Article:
occasion (Joel 2:28-29) he is admitting the possibility of spiritual messages by women. The term
"last days" is never limited to Pentecost, but refers to all this present age. A "prophet" need not be
a foreteller of future events, but is "a person gifted for the exposition of divine truth" (Harper's Greek
Lexicon). Ever since the Holy Spirit first came, he has been at liberty to impart his gifts to each
person "just as he determines" (1 Cor. 12:11). Pentecost represents a divine sanction for prophetic
ministry by women every bit as much as by men.
"Submit yourselves for the Lord's sake to every authority instituted among men: whether to
the king, as the supreme authority, or to governors, who are sent by him . . . Slaves, submit
yourselves to your masters with all respect . . .,Wives, in the same way be submissive to your
husbands . . . Husbands, in the same way be considerate as you live with your wives' ' (1 Peter 2:13-14, 18; 3:1, 7).
Peter makes an interesting point about the position of women. He argues that we as
Christians should submit ourselves to every man-made institution, and goes onto list several of those
authorities "instituted among men" – kings, governors, masters. Then in 1 Peter 3:1 he states that in
the same way wives should submit to their husbands, because – it is implied – female submission
is "instituted among men."
In other words, Christians are expected to operate within the parameters placed around them
by society. If slavery is an unchangeable part of the society, then servants are expected to obey their
masters – until slavery is no longer "instituted among men." As we earnestly seek a true biblical role
for woman, God forbid that we withhold any gift He desires her to exercise for even one day longer
than society requires!
Even those who believe certain ministries must be restricted to men cannot help but notice
that Paul is any-
thing but chauvinistic toward women. Paul refers to Junia as "outstanding among the
apostles" (Rom. 16:7). Of the 29 people Paul greets in Romans 16, many are women he addresses
by name, contrary to Jewish custom: Phoebe, Tryphaena, Tryphosa, Julia, Mary. He entrusted his
letter to Rome to Phoebe, a task many of our churches would delegate only to men.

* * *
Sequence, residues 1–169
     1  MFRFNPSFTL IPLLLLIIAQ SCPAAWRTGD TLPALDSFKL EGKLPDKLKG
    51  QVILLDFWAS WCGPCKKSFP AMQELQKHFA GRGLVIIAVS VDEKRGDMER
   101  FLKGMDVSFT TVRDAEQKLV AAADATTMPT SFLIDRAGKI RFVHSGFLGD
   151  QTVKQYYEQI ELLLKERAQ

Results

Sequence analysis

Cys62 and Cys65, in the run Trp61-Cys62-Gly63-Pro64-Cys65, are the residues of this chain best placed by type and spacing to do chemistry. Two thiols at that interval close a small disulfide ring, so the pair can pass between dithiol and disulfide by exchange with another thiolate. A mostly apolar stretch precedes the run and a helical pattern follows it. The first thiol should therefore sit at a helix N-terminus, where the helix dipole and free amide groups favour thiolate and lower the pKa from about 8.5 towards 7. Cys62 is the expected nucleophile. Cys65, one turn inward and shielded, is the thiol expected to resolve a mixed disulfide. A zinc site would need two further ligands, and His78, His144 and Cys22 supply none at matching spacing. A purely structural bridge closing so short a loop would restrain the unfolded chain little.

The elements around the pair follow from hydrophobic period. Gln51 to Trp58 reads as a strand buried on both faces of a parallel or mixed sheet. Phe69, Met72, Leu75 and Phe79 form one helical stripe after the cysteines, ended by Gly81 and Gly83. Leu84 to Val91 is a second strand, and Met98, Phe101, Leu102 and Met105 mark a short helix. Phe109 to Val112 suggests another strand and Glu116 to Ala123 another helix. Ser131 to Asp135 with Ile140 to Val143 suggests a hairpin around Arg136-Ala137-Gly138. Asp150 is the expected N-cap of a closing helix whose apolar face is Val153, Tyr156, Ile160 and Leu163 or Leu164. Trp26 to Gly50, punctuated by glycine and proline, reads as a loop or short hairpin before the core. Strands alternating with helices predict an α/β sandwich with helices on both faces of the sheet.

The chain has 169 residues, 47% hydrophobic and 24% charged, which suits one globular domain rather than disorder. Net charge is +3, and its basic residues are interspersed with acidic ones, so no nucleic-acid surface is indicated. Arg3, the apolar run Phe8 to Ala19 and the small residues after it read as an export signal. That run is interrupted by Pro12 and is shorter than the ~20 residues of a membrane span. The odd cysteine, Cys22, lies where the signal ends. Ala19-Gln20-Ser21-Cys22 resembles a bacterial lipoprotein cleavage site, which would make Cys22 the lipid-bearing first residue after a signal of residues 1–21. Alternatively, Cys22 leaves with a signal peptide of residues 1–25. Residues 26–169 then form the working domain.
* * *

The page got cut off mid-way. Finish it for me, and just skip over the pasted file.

It has been argued that Paul's injunction to women to keep silent in churches (1 Cor. 14:34-36) would prevent them from exercising the preaching gifts. However, he has already agreed that
they can pray and prophesy publicly (1 Cor. 11:5). It is unreasonable to think he would contradict
himself just a few sentences later. Rather, as in the other instructions in this same epistle, he directs
his remark ad hoc to the specific situation in Corinth. In chapter 14 he admonishes the women to be
quiet, not because it is wrong for women to speak out loud in a public service. (He has just told them
that they may pray aloud and speak in a public worship service so long as they act modestly). His
purpose here is to remind them that "God is not a God of disorder but of peace" (14:33), and that in
the services "everything should be done in a fitting and orderly way" (14:40).
If anything, the passage reaffirms that Corinthian women knew they were now equal to their
husbands before Christ and had every right to speak out in church (11:50). But they were misusing
their newfound freedom by disrupting the services to get answers to their questions, and it was
because of the disorder they were creating that Paul gives his counsel. Therefore, in the light of the
situation at Corinth, he requires two things of them: first, they are to remain silent while in church
and save their many questions to ask their better informed husbands at home; Paul's command not
to speak in no way limits their previous license to pray or prophesy under normal circumstances.
Second, Paul tells them to be in submission – not to their husbands, for the context does not suggest
it here – but to the church body. Paul requests the same submission of the entire gathered church
body at Ephesus: "Submit to one another out of reverence for Christ" (Eph. 5:2 1).
1 Timothy 2:11-12 presents a similar situation, and the apostle prescribes a similar remedy.